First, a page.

• Tracing a Meme From the Internet’s Fringe to a Republican Slogan
    • This feedback loop is how #JobsNotMobs came to be. In less than two weeks, the three-word phrase expanded from corners of the right-wing internet onto some of the most prominent political stages in the country, days before the midterm elections.
  • Effectiveness of gaming for communicating and teaching climate change
    • Games are increasingly proposed as an innovative way to convey scientific insights on the climate-economic system to students, non-experts, and the wider public. Yet, it is not clear if games can meet such expectations. We present quantitative evidence on the effectiveness of a simulation game for communicating and teaching international climate politics. We use a sample of over 200 students from Germany playing the simulation game KEEP COOL. We combine pre- and postgame surveys on climate politics with data on individual in-game decisions. Our key findings are that gaming increases the sense of personal responsibility, the confidence in politics for climate change mitigation, and makes more optimistic about international cooperation in climate politics. Furthermore, players that do cooperate less in the game become more optimistic about international cooperation but less confident about politics. These results are relevant for the design of future games, showing that effective climate games do not require climate-friendly in-game behavior as a winning condition. We conclude that simulation games can facilitate experiential learning about the difficulties of international climate politics and thereby complement both conventional communication and teaching methods.
    • This reinforces the my recent thinking that games may be a fourth, distinct form of human sociocultural communication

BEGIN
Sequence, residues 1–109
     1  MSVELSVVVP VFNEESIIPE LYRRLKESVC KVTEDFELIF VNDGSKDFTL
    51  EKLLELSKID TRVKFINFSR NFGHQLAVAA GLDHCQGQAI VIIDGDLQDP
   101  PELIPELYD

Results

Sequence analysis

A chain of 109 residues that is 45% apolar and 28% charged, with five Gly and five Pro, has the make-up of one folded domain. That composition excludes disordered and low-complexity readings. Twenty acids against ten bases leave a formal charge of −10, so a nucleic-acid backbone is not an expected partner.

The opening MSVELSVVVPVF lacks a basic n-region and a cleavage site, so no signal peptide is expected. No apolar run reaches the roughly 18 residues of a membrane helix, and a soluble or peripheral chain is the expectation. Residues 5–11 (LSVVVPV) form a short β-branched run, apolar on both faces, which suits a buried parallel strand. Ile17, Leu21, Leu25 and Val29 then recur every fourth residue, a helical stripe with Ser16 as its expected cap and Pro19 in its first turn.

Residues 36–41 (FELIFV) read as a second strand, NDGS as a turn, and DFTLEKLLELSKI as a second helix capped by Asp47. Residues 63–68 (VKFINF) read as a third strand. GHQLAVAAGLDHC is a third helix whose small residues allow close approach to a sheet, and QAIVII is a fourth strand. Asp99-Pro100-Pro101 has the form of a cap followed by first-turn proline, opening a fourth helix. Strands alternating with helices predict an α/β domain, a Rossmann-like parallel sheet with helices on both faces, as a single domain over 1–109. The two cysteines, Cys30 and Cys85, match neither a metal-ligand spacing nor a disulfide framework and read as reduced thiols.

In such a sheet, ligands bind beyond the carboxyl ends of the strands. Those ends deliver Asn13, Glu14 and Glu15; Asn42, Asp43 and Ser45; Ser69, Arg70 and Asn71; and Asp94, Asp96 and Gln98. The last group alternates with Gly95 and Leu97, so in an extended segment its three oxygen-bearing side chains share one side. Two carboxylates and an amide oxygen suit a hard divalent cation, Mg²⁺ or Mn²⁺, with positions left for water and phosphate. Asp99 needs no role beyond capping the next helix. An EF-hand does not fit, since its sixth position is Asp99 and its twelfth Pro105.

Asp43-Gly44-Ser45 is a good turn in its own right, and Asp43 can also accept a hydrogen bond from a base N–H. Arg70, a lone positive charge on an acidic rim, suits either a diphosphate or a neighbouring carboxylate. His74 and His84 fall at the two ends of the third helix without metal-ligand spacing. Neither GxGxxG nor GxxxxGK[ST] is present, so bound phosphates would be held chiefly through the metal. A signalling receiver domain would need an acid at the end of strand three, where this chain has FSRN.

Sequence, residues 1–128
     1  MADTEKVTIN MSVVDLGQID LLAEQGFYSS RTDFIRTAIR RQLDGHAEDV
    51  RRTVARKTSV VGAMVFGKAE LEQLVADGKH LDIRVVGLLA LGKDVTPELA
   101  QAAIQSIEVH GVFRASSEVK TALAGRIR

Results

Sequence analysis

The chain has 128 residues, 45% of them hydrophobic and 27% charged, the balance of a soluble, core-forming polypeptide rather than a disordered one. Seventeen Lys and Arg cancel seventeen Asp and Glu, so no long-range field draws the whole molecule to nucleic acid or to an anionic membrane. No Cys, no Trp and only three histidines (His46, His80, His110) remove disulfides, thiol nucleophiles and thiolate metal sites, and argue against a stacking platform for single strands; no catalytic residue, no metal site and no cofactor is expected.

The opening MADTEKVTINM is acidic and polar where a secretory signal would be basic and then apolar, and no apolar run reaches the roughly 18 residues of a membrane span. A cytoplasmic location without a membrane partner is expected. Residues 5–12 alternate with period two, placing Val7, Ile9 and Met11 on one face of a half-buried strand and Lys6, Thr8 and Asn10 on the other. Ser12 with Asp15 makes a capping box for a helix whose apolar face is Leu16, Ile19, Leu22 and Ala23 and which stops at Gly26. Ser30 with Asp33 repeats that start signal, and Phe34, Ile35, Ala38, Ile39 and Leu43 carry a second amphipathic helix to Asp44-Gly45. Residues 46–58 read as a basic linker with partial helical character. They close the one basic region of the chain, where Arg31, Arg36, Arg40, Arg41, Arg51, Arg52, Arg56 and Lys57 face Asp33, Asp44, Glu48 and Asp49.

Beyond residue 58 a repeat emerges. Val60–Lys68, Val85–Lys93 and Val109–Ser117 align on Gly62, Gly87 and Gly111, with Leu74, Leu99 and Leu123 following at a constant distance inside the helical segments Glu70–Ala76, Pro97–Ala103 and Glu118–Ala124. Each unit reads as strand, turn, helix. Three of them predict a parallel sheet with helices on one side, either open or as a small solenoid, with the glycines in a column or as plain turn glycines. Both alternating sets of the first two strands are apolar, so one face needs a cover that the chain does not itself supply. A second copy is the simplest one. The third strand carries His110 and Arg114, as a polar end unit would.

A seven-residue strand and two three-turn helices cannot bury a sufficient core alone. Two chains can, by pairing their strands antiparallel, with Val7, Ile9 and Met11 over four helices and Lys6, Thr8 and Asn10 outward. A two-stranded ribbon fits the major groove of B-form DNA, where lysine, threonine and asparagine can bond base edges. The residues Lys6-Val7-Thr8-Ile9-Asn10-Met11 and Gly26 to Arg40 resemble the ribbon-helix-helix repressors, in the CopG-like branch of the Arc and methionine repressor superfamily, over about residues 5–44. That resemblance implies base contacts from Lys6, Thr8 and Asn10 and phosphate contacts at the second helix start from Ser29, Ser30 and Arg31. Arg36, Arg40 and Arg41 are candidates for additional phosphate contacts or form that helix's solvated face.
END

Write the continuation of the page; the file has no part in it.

Phil 11.1.18

7:00 – 4:30 ASRC PhD

  • Quick thought. Stampedes may be recognized not just from low variance (density of connections), but also the speed that a new term moves into the lexicon (stiffness)
  • The Junk News Aggregator, the Visual Junk News Aggregator and the Top 10 Junk News Aggregator are research projects of the Computational Propaganda group (COMPROP) of the Oxford Internet Institute (OII)at the University of Oxford.These aggregators are intended as tools to help researchers, journalists, and the public see what English language junk news stories are being shared and engaged with on Facebook, ahead of the 2018 US midterm elections on November 6, 2018.The aggregators show junk news posts along with how many reactions they received, for all eight types of post reactions available on Facebook, namely: Likes, Comments, Shares, and the five emoji reactions: Love, Haha, Wow, Angry, and Sad.
  • Reading Charles Perrow’s Normal Accidents. Riveting. All about dense, tightly connected networks with hidden information
    • From The Montreal Review
      • Normal Accident drew attention to two different forms of organizational structure that Herbert Simon had pointed to years before, vertical integration, and what we now call modularity. Examining risky systems in the Accident book, I focused upon the unexpected interactions of different parts of the system that no designer could have expected and no operator comprehend or be able to interdict. Reading Charles Perrow’s Normal Accidents. Riveting. All about dense, tightly connected networks with hidden information
  • Building generators.
    • Need to change the “stepsize” in the Torrance generator to be variable – done. Here’s my little ode to The Shining:
      #confg: {"rows":100, "sequence_length":26, "step":26, "type":"words"}
      all work and no play makes jack a dull boy all work and no play makes jack a dull boy all work and no play makes 
      jack a dull boy all work and no play makes jack a dull boy all work and no play makes jack a dull boy all work